[CrossRef]

J. Mater. Process. Technol.

T. Wang, H. B. Cheng, Z. C. Dong, and H. Y. Tam, “Removal character of vertical jet polishing with eccentric rotation motion using magnetorheological fluid,” J. Mater. Process. Technol. 213, 1532–1537 (2013).
[CrossRef]

H. Y. Tam and H. B. Cheng, “An investigation of the effects of the tool path on the removal of material in polishing,” J. Mater. Process. Technol. 210, 807–818 (2010).
[CrossRef]

Opt. Express

Proc. SPIE

W. A. C. M. Messelink, R. Waeger, T. Wons, M. Meeder, K. C. Heiniger, and O. W. Fähnle, “Prepolishing and finishing of optical surfaces using fluid jet polishing,” Proc. SPIE 5869, 586908 (2005).
[CrossRef]

H. H. van Brug, M. Groeneveld, S. M. Booij, and J. J. M. Braat, “In-process measurements of material removal in fluid jet polishing,” Proc. SPIE 4778, 243–250 (2002).
[CrossRef]

Other

O. W. Fähnle, “Abrasive jet polishing approaches to the manufacture of micro-optics with complex shapes,” in Imaging and Applied Optics Technical Papers, OSA Technical Digest (online) (Optical Society of America, 2012), paper OM3D.4.

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Figures (9)

Fig. 1.
Fig. 1.

Remounting errors in optical manufacturing.

Fig. 2.
Fig. 2.

Flow chart of the whole process.

Fig. 3.
Fig. 3.

Mask is used to provide reference points on the sample. (a) Reference points provided by the mask and (b) the process for measuring the reference points.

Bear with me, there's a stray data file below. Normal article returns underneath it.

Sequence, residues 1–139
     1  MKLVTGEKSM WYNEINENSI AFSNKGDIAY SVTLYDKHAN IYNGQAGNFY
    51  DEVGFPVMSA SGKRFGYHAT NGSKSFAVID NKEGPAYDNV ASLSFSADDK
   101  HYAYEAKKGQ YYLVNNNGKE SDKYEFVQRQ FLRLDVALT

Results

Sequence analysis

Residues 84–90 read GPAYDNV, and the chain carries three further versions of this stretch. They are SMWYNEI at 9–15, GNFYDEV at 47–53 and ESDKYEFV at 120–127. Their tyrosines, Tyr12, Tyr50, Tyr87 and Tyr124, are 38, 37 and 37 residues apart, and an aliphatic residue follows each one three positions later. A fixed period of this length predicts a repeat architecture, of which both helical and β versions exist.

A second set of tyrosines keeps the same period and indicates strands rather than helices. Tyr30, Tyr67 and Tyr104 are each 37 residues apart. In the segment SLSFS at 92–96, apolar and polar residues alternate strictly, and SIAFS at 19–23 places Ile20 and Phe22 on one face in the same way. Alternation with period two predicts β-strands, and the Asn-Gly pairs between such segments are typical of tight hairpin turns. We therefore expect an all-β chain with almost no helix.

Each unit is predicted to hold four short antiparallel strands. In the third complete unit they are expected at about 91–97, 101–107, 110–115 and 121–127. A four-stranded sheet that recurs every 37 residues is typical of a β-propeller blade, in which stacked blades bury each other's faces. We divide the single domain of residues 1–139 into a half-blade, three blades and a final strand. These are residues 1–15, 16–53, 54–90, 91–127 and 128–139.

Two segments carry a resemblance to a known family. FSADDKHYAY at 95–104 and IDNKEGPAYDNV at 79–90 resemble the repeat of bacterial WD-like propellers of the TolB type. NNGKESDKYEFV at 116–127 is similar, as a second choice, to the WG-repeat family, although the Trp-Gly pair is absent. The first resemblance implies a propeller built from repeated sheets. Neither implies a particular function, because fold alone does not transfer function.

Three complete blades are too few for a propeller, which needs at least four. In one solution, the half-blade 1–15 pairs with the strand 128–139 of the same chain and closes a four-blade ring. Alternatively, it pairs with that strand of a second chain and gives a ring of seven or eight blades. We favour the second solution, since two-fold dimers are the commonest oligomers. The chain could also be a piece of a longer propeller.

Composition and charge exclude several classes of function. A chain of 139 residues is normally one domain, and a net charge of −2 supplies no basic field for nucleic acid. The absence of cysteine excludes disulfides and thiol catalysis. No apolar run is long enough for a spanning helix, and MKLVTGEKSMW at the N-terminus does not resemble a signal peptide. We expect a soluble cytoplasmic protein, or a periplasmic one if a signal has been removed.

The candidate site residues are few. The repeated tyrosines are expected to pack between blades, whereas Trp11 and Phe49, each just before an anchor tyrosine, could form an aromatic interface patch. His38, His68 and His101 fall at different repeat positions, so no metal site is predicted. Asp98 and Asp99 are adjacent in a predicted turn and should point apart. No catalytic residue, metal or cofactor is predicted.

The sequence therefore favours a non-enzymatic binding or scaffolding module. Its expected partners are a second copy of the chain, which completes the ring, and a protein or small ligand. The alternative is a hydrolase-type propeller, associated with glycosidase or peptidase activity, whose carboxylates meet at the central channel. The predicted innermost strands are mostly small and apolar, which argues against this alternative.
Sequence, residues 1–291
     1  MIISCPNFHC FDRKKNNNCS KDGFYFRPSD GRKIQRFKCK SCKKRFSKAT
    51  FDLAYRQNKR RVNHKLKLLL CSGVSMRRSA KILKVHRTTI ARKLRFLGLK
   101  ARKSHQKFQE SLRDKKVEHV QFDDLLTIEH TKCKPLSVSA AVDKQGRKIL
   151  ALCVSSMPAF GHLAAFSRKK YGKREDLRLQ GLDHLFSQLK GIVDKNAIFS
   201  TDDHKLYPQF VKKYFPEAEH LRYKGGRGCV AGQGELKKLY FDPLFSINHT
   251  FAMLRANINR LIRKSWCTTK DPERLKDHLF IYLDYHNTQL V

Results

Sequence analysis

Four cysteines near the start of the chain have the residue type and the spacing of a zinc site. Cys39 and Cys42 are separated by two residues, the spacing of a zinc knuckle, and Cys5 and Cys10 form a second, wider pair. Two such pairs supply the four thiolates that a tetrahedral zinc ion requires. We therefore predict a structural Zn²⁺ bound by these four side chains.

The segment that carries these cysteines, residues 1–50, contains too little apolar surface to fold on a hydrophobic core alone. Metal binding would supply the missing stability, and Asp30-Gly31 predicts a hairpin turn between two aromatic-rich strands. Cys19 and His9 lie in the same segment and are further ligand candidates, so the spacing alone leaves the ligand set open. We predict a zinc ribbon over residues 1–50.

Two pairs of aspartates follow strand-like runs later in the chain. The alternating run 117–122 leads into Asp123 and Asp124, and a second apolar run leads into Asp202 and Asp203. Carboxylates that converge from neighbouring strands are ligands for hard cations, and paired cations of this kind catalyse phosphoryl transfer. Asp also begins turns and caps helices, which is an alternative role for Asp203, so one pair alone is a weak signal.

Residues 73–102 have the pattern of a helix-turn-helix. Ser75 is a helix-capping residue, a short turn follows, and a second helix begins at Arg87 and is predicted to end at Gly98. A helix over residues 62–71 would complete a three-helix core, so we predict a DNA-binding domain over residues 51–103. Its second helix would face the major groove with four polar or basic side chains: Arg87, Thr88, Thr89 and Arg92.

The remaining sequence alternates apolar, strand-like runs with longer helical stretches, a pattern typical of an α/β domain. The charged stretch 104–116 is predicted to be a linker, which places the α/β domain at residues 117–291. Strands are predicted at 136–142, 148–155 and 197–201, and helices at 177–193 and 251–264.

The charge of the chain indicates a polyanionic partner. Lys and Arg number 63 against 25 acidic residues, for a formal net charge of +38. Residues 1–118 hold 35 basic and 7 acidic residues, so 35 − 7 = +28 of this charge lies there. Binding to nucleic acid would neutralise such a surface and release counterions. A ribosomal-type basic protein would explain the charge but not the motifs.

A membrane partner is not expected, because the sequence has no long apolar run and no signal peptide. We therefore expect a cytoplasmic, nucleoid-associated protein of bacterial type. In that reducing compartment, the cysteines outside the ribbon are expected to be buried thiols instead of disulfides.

Fig. 4.
Fig. 4.

Approach to identifying mask edges in the polishing coordinate system.

Fig. 5.
Fig. 5.

Small circular masks on the sample for positioning.

Fig. 6.
Fig. 6.

Interferograms of (a) the initial sample shape and (b) the footprint of a nozzle.

Fig. 7.
Fig. 7.

Masks for calibration. (a) Mask with a quadrilateral hole. (b) Masked data for obtaining the measurement coordinate system. (c) Calibrated initial data and theoretical path.

Fig. 8.
Fig. 8.

Theoretical and corrected parameters for polishing.

Fig. 9.
Fig. 9.

Final sample shape. (a) Simulation result without using the masking method. (b) Actual polishing result using the masking method.

Tables (2)

Tables Icon

Table 1. Step Points on each Edge of the Mask

Tables Icon

Table 2. Parameters of the Polishing Process

Equations (12)

Equations on this page are rendered with MathJax. Learn more.

E(x,y)=R(x,y)**D(x,y)=R(xx,yy)·D(x,y)dxdy,
E(x,y)=ijR(xxi,yyj)·D(xi,yj)=ijRij·D(xi,yj),
Ea(x,y)=ijR((xΔxi)xi,(yΔyj)yj)·D(xi,yj)=ijRaij·D(xi,yj),
ΔE=EEa=ij(RijRaij)·D(xi,yj)=ijΔRij·D(xi,yj),
pg=T1·T2·p,
pg=(xg,yg,1)T;p=(x,y,1)TT1=[10δx01δy001]T2=[cosδθsinδθ0sinδθcosδθ1001].
{xg=xcosδθ+ysinδθ+δxyg=xsinδθ+ycosδθ+δy.
yg=axg+b
N(xg,yg)=yg(axg+b).
{anNn2=2nNnxgn=0bnNn2=2nNn=0,
{l1:0.0674xg+21.2995=yg;l2:18.3426xg364.142=yg;l3:0.0752xg8.36=yg;l4:21.2994xg+200.209=yg;.
δx=5.61mm,δy=6.08mmandδθ=4.1°.